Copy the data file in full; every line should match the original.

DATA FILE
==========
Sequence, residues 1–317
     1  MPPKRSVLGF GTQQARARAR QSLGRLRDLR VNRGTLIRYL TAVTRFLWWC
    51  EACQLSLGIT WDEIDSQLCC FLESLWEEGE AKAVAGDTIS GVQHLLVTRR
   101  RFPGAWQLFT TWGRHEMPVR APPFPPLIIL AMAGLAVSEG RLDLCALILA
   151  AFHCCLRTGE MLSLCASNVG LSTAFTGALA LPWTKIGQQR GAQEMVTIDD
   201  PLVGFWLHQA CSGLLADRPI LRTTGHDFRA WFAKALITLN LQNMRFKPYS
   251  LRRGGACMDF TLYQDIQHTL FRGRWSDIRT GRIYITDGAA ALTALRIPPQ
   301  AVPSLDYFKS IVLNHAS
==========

Sequence, residues 1–317
     1  MPPKRSVLGF GTQQARARAR QSLGRLRDLR VNRGTLIRYL TAVTRFLWWC
    51  EACQLSLGIT WDEIDSQLCC FLESLWEEGE AKAVAGDTIS GVQHLLVTRR
   101  RFPGAWQLFT TWGRHEMPVR APPFPPLIIL AMAGLAVSEG RLDLCALILA
   151  AFHCCLRTGE MLSLCASNVG LSTAFTGALA LPWTKIGQQR GAQEMVTIDD
   201  PLVGFWLHQA CSGLLADRPI LRTTGHDFRA WFAKALITLN LQNMRFKPYS
   251  LRRGGACMDF TLYQDIQHTL FRGRWSDIRT GRIYITDGAA ALTALRIPPQ
   301  AVPSLDYFKS IVLNHAS